NEW YORK (CNS) — If you could play God, would you — or should you? That big question is at the heart of the romantic comedy “About Time” (Universal).
Written and directed by Richard Curtis (“Notting Hill,” “Love Actually”), “About Time” is a wish-fulfillment fantasy about changing your destiny at will, in this instance to win the love of your life. It’s a tempting confection, but with a bitter aftertaste. The manipulation of others for selfish reasons, coupled with disrespect for the role of divine providence in one’s life, may leave the viewer feeling empty rather than satisfied.
On his 21st birthday, Tim (Domhnall Gleeson) is given a rather unusual present by his father (Bill Nighy). He informs his shy, insecure son that the men in the family possess a special gift: They can travel back in time. It’s as easy as finding a dark space, clenching your fists, thinking of a specific moment, and — presto change-o — you’re there.
Dad offers few guidelines on how to use this ability other than a command to have “an extraordinary life.” So the newly confident Tim jumps inside his bedroom wardrobe (shades of Narnia) and travels back to New Year’s Eve to kiss the girl he was too shy to the first go-round.
And so Tim discovers his purpose in life: to use time travel to land a girlfriend, fall in love, and have a perfect, happy life.
At first it seems so easy. Tim meets Mary (Rachel McAdams) at a restaurant, and decides she’s the one. Multiple do-overs back in time refine and, ultimately, seal the deal.
This is where “About Time” intersects 1993’s “Groundhog Day.” Unlike that charming film, where the hero betters himself as well as the world around him, “About Time” takes a more narrow view. Tim is only interested in his own happiness. In fact, when he tries to change the past of others (for their own good), he decides not to, as the consequences of doing so would have an adverse effect on his own carefully manufactured “happiness.”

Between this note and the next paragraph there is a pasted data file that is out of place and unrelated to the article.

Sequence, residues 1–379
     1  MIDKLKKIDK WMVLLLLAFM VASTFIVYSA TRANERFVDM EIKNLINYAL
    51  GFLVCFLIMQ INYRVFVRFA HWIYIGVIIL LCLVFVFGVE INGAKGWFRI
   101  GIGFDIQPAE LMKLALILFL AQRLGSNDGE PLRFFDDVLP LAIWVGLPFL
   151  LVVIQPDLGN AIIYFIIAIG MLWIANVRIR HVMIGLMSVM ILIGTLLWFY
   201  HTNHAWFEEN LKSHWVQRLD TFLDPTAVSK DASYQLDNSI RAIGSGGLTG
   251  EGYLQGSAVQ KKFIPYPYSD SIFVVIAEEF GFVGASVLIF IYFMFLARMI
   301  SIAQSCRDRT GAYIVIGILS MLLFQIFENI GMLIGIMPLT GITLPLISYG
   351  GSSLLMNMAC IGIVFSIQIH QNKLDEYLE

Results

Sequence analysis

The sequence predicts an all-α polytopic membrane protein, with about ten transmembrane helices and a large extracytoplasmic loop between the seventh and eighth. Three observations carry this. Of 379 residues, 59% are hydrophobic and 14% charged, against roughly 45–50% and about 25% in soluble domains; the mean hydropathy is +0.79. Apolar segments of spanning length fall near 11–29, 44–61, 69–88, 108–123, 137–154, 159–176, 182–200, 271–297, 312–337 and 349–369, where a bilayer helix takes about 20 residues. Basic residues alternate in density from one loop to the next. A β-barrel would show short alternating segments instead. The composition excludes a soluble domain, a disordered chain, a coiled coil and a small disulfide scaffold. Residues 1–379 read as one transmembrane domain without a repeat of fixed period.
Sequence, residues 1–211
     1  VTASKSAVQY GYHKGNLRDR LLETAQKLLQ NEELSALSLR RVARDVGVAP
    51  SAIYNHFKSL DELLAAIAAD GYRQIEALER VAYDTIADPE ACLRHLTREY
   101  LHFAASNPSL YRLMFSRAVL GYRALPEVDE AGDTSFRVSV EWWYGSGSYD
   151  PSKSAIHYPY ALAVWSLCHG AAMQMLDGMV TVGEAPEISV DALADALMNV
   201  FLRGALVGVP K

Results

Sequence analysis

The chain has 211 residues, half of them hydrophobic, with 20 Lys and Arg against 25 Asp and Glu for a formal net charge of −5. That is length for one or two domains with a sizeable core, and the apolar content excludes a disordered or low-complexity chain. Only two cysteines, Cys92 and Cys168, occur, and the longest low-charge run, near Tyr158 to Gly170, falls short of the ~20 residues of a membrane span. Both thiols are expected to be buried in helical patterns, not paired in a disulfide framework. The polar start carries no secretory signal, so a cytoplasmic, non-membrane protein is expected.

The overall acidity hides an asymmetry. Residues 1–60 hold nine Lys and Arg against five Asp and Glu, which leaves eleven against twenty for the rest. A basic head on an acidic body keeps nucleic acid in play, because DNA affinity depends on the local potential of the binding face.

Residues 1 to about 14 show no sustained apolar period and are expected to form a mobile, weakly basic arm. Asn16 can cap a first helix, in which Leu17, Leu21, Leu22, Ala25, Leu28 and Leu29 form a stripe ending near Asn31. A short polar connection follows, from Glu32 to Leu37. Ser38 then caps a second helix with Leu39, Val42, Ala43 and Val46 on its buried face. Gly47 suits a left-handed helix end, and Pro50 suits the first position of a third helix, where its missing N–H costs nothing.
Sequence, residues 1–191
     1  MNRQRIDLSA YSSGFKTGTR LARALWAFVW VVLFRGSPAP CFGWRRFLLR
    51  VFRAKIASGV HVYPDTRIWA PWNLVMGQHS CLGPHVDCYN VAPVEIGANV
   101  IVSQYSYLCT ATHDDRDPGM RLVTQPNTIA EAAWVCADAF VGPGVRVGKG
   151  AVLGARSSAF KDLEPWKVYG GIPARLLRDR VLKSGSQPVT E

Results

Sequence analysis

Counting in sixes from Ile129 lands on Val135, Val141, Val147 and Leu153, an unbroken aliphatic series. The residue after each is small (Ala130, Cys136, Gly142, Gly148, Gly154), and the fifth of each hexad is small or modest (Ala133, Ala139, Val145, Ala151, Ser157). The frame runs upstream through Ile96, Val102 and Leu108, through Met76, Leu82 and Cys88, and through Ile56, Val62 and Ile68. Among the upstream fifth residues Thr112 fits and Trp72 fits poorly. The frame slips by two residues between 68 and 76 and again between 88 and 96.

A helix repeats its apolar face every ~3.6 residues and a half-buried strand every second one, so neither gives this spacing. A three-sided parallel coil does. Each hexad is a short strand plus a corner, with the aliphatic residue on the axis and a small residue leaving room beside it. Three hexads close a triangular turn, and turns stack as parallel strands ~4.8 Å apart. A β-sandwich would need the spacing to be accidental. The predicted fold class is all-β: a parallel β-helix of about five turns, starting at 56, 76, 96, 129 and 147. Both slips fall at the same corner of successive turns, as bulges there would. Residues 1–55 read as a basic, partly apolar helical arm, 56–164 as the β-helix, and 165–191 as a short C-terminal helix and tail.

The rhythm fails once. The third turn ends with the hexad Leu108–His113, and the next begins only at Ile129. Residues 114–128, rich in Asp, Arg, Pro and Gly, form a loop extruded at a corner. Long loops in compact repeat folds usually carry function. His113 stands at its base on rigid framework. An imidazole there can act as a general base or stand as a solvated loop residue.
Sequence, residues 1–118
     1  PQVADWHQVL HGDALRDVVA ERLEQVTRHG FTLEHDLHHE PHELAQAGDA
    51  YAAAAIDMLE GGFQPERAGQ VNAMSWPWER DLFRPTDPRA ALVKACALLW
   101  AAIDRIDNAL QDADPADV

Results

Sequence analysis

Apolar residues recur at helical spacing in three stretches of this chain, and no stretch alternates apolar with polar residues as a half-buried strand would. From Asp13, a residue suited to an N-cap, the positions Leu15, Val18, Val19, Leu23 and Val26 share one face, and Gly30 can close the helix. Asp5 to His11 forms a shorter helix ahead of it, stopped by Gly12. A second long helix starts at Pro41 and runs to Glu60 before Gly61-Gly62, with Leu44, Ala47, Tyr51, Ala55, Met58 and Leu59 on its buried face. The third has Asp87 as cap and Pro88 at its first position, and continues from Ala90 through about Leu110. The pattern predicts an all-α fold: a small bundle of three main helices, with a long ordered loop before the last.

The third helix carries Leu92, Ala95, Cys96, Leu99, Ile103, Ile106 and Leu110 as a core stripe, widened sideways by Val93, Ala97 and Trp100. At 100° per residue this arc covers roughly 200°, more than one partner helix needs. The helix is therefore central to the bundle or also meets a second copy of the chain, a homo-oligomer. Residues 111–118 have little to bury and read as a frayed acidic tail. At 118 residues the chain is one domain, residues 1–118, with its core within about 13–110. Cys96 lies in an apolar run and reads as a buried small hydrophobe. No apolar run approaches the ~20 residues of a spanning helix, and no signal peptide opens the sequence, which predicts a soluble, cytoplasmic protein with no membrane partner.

In the end, “About Time” reconciles fantasy with reality, with a message about appreciating life as it naturally unfolds, accepting the good while dealing with the bad. Unfortunately, the journey to that weepy, overly sentimental resolution is riddled with distasteful and sometimes sacrilegious “humor.”The film contains semi-graphic premarital sexual activity, brief nudity, several vulgar gestures, some sacrilegious humor and sexual innuendo, and much profanity and crude language. The Catholic News Service classification is L — limited adult audience, films whose problematic content many adults would find troubling. The Motion Picture Association of America rating is R — restricted. Under 17 requires accompanying parent or adult guardian.
McAleer is a guest reviewer for Catholic News Service.
Help us keep you informed -- CatholicPhilly.com can't do it without youDuring CatholicPhilly.com's fall donation campaign, you have a way to help us deliver the kind of news you need to know about the Catholic Church, especially in the Philadelphia region, and the world in which we live. Every household's costs keep rising, and we're no different. We make sure your dollars in any amount go a long way toward continuing our mission to inform, form in the Catholic faith and inspire the thousands of readers who visit every month. Here is how you can help:
- A $100 gift allows us to present award-winning photos of Catholic life in our neighborhoods.
- A $50 gift enables us to cover a news event in a local parish, school or Catholic institution.
- A $20 gift lets us obtain solid faith formation resources that can deepen your spirituality and knowledge of the faith.
- A small, automated monthly donation means you can support us continually and easily.
Please join in the church's vital mission of communications by offering a gift in whatever amount that you can -- a single gift of $40, $50, $100, or more, or a monthly donation. Your gift will strengthen the fabric of our entire Catholic community.
Make your donation by check:
222 N. 17th Street
Philadelphia, PA 19103
Or by credit card here: